With the time shifting nature of podcasting, as I’ve mentioned before, you know, sometimes and recording before things are happening that I want to talk about, and then they’ll the show airs afterwards. And all of that to say, a lot of you’ve been following along with Benny, who has been on crutches for six weeks. And as I am taping this, he is hopefully getting the word in the next couple of days that he can be off crutches, and maybe start some physical therapy. So next week, I hope to tell you a little bit more about that. And we’re also going to the endo, which is a really good time for me to interview Benny because we’re alone in the car and we’re in the same space for once because that kid is so busy, I don’t even see him half the time. But I’m going to try to talk to him about control IQ in the last year and lots of things changes he’s made. Control IQ and things that have gone on since we’ve last talked we’ve made some other changes. And you know, he’s just a different kid than he was even a year ago which is kind of breaking my heart and kind of fantastic but Boy, it’s been it’s been a big year for him. I don’t know about you. But when my kids went from middle school to high school, it wasn’t it wasn’t just a different school. It was like a different life. High School is very different. The schedule is different. The work is different. And I remember with my daughter, who is now a freshman in college, and as you’re listening is going back to school next week to do her second semester there. It just flies by it goes by so quickly. So I’m trying to hang on for dear life. And hopefully Benny will will talk to me talk to you, and we’ll get him on the show as well. Tons of events coming up. I’m not even going to run down the list. I will ask you though, to go to the community page at diabetes dash connections calm. You can see where we’ve been where we’re going. I’ve got a kind of a de facto book tour, because I am the world’s worst diabetes mom, which is taking me on the road right now but two events a month. You can see them on the community page and see if I’m coming to your town. And if not, and you’d like me to come speak or tape a podcast or whatever. Just let me know.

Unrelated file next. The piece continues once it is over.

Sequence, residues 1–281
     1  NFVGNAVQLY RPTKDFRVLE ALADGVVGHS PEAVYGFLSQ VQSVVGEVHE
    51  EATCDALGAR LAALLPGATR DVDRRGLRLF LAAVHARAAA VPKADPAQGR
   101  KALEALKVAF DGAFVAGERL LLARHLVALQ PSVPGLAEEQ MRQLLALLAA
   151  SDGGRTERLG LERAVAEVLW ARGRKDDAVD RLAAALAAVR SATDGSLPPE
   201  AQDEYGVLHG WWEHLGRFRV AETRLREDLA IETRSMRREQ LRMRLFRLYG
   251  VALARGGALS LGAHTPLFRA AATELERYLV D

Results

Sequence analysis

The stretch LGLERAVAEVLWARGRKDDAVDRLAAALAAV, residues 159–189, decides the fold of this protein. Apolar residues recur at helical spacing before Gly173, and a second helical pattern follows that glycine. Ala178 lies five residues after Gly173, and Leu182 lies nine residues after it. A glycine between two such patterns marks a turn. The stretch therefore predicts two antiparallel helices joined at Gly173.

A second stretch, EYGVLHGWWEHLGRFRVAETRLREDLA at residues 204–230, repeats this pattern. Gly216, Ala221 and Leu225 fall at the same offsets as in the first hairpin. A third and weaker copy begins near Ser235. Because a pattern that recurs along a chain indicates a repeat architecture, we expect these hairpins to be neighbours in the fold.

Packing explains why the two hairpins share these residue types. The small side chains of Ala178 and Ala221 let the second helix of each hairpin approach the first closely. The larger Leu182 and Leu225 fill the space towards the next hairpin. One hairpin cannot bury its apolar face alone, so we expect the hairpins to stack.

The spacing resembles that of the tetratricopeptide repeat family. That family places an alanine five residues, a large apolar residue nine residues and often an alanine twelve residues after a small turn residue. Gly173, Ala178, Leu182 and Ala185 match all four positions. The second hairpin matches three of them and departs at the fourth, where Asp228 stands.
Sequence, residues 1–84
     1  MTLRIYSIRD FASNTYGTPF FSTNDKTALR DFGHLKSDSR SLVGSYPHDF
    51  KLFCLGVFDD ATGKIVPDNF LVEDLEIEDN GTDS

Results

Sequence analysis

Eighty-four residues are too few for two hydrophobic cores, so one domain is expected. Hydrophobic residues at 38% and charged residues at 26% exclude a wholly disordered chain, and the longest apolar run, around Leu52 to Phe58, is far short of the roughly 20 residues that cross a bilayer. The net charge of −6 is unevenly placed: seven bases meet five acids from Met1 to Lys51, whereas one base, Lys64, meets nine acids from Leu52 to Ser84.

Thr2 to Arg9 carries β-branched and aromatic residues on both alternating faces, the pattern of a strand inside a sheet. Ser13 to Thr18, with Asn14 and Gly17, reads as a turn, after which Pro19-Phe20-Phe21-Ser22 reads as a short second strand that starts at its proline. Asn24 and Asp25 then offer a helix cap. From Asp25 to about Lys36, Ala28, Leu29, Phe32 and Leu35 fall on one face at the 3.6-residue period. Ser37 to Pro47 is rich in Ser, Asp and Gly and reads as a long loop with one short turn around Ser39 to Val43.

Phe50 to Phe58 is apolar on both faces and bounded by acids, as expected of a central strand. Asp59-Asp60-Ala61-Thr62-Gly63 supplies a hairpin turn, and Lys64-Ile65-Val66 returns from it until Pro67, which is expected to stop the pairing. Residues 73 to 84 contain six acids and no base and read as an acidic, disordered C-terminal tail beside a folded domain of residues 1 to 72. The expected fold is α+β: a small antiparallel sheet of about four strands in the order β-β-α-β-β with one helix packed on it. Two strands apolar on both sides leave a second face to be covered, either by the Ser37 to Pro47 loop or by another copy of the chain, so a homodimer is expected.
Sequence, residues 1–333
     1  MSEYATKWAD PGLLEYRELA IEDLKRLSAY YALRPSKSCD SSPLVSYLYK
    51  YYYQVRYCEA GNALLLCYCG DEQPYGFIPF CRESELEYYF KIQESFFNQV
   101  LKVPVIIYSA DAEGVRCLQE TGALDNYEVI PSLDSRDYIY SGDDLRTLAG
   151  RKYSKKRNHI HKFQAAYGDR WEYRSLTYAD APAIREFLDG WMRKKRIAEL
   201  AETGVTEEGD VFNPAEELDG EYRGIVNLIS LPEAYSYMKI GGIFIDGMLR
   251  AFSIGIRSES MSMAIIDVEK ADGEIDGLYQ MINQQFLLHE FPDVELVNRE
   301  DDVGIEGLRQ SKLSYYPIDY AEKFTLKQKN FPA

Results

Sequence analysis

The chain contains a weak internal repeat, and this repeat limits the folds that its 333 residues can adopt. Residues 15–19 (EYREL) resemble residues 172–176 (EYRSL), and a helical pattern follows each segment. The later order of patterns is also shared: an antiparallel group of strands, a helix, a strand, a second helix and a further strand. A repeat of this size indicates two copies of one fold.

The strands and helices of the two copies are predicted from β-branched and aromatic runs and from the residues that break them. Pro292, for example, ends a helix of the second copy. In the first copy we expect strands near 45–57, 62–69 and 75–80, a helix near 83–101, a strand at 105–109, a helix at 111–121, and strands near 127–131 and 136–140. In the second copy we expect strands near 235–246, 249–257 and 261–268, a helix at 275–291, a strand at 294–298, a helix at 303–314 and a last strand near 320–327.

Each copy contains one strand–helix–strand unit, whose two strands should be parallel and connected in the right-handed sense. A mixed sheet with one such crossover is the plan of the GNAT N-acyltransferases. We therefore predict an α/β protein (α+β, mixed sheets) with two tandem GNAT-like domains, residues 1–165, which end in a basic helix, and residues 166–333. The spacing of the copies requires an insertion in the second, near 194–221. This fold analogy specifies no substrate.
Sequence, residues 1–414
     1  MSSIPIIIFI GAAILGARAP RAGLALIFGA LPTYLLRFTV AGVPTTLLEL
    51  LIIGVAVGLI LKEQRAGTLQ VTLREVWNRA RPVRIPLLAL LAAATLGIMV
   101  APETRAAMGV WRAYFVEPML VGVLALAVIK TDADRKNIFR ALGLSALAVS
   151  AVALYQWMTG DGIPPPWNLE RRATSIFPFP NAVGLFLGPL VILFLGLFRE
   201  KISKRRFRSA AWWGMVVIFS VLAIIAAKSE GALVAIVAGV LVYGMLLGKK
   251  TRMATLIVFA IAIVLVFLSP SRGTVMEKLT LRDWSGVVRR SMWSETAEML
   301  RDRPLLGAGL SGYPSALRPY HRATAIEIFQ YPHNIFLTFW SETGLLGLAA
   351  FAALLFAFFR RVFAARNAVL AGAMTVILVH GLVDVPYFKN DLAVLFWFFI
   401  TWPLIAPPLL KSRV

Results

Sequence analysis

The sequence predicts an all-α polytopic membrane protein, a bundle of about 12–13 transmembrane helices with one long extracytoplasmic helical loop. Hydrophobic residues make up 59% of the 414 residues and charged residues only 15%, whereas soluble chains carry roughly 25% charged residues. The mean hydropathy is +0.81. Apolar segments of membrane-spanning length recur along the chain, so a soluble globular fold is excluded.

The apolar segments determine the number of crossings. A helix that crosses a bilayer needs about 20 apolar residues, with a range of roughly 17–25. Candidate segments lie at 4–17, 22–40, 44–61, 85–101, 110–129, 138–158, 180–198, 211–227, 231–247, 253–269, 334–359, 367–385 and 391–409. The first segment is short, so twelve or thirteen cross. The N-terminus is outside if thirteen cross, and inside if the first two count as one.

Just let me know. Next week, just let me know. Alright, later this week we have our second minisode. This one’s going to be all about sleep overs. What worked for us, I had some questions about that. And I’m answering them. So we’re gonna be talking about sleep overs. That episode will air on Thursday, January 9, and then our next regular interview episode will be next Tuesday. Thank you, Tuesday. It’s gonna take me a little time to fall into the rhythm of this, but I think it’s gonna be a lot of fun. Let me know what you think. As always, the show is here for you. Thanks, as always, to my editor, John Bukenas from audio editing solutions, and thank you so much for listening. I’m Stacey Simms, and I’ll see you back here on Thursday.
Transcribed by otter.ai